Blood transfusions have revolutionized medicine, but the National Health Service (NHS) in the U.K., which performs at least two million transfusions annually, is worried about the “love of blood” healthcare professionals seem to have.
Love of blood refers to the dangers that accompany unnecessary transfusions, which occurs in at least one in five cases.
According to a Dutch study, men who underwent blood transfusions after surgery were 50 percent more likely to die at least hours after an operation if they were given blood from a woman who has given birth before. This discovery has raised concern over the quality of blood received from anonymous donors.
Transfusion-related lung injury was the number one cause of death, wherein “an abnormal immune response makes the recipients’ lungs severely inflame within six hours of blood being given.” When the patient’s lungs are oxygen-starved, this can cause cardiac arrest.
But there are those who are alarmed by the results because aside from blood type, no other details are included during transfusions.
One reason for this anomaly could be antibodies, or “infection-fighting cells” that women acquire during pregnancy. Antibodies work to “protect their baby in the womb,” but they can cause a deadly immune system reaction in some men.
Other worries include the quality of stored blood. Based on various studies, there is an “increased risk of infections, including pneumonia,” when a patient who receives blood from a stranger, especially when it is kept in bags for longer than a month at four degrees Celsius.
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It is possible that this deadly side effect happens whenever red blood cells “age” and become less resilient compared to fresh blood. “Old” blood could break down faster once introduced into the patient’s body. This leads to the release of copious amounts of iron, which could make bacteria stronger.
Storing blood can also trigger deadly biochemical changes. Since red blood cells release toxic enzymes that are often flushed out of the body via waste products, they can be accumulated in stored blood instead.
Stored red blood cells can also lose their smooth, disc-like shape. If they become more pointed and spiky, they can have a hard time moving through the bloodstream. This can deprive vital organs of the oxygen they need.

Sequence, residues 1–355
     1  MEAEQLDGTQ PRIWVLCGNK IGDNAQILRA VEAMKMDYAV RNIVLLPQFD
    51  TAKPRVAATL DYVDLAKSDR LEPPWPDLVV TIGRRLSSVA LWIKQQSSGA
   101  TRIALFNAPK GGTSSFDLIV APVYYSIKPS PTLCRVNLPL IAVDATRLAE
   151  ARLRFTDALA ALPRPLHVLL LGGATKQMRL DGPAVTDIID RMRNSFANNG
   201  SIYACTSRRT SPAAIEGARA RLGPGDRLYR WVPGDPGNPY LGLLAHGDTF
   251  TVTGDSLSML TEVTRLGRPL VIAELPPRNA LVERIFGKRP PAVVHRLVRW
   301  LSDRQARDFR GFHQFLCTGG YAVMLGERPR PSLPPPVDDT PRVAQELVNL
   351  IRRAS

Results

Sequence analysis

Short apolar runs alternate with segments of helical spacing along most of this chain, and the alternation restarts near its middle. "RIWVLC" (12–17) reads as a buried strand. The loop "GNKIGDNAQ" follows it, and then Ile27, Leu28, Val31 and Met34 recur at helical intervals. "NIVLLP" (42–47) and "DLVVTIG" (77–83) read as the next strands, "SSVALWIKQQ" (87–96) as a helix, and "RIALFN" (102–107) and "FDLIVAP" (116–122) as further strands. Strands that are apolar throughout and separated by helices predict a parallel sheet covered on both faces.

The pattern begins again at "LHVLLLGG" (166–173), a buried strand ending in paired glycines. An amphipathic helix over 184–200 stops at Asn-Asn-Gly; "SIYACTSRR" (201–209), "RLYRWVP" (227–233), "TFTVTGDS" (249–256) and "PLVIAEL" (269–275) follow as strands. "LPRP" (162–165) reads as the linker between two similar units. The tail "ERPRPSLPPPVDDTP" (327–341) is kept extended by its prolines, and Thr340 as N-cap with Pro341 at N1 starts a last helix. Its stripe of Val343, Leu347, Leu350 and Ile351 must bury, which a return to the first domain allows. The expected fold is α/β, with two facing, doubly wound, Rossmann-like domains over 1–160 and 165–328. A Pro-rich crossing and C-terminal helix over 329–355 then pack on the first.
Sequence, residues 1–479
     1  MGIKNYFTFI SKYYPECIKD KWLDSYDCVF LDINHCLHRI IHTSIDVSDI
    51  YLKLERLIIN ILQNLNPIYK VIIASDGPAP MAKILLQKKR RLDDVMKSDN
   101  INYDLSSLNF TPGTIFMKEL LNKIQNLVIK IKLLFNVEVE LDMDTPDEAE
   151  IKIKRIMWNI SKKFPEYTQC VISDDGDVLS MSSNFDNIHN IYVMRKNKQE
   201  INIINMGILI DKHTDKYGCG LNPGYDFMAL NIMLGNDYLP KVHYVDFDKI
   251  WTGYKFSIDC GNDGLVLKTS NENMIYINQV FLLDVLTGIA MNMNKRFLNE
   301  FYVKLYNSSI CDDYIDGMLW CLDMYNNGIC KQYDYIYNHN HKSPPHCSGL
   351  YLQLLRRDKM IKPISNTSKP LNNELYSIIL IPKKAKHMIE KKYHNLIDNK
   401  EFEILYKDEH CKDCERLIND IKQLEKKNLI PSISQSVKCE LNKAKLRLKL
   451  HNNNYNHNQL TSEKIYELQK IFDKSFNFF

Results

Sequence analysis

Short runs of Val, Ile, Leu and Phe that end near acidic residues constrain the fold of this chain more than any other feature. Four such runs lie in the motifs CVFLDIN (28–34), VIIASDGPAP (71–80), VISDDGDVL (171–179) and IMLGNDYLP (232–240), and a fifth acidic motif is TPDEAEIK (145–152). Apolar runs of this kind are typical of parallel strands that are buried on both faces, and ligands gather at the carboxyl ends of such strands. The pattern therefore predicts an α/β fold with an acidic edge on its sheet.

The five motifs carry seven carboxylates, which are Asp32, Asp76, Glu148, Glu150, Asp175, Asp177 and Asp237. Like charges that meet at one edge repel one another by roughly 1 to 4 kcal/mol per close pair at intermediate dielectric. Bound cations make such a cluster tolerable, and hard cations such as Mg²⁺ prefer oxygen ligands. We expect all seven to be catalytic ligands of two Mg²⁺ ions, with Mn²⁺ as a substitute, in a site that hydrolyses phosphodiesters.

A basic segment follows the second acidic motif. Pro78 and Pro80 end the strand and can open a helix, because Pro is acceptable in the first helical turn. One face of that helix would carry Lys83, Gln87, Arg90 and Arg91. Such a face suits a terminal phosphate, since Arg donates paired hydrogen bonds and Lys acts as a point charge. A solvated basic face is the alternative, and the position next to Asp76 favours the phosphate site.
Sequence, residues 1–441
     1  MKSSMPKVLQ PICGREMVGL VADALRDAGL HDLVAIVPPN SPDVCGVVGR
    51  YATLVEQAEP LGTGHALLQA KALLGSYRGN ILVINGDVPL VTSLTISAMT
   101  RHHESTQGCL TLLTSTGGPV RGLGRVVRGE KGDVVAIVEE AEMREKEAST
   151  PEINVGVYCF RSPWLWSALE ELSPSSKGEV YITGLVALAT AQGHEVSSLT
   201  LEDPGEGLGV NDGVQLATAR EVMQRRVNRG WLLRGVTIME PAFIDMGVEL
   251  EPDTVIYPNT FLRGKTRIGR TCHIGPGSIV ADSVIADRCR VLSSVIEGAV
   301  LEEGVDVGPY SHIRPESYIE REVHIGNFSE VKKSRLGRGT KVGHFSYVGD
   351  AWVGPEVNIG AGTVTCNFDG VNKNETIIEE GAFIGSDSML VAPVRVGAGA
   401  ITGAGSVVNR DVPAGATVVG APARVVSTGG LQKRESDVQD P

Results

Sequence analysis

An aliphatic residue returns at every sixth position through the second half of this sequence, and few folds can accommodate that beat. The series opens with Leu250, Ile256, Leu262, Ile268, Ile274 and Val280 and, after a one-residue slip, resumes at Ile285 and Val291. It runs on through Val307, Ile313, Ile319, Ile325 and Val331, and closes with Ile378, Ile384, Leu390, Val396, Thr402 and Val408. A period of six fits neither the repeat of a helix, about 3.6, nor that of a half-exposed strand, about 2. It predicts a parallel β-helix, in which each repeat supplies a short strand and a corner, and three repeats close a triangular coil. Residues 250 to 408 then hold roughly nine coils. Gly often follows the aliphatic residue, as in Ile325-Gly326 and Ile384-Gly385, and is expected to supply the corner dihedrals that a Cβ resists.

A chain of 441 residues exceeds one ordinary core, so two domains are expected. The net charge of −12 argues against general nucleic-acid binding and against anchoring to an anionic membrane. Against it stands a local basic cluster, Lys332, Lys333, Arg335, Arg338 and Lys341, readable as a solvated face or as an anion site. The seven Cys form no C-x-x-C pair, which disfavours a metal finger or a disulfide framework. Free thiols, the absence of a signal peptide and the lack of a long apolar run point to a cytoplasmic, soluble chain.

Anemia often requires blood transfusions, and the condition involves a drop in hemoglobin or the oxygen-carrying substance in red blood cells. Keeping anemia in check is important since patients with low hemoglobin levels are 42 percent more likely to die within 30 days after an operation versus individuals with normal levels. (Related: Anemia sufferers – Improve your absorption of iron.)
A healthy male patient will have hemoglobin levels of 13.5 to 17.5 grams (g) per 100 milliliters (ml) of blood and a woman 11.5 to 15.5g. When these levels drop lower than 5g (e.g. because of blood loss during surgery), a patient becomes more at risk.
According to studies, most surgeons transfuse blood even when hemoglobin readings are still at 10g or higher. Other medical experts believe this is doing more harm than good.
How can this concern be addressed?
To address this health concern, experts are exerting various means of curbing the excessive use of donated blood. The National Institute for Health and Care Excellence (NICE) has urged medical experts “for better treatment of anemia” before patients require surgery, which can minimize the need for transfusions.
NICE is also advising doctors to give more anemic surgery patients tranexamic acid, a “relatively cheap and effective drug” which reduces blood loss by at least a third. The organization believes that the drug is only being used in as few as 10 percent of surgery cases where anemia is present.
Natural remedies for anemia
If you are anemic, try some of the natural cures listed below:
Up your vitamin C intake
Eat yogurt with turmeric
Eat more leafy greens
Drink fresh beetroot or pomegranate juice
Eat sesame seeds
Eat raisins and dates
You can read more articles about herbs and other natural cures for anemia at Healing.news.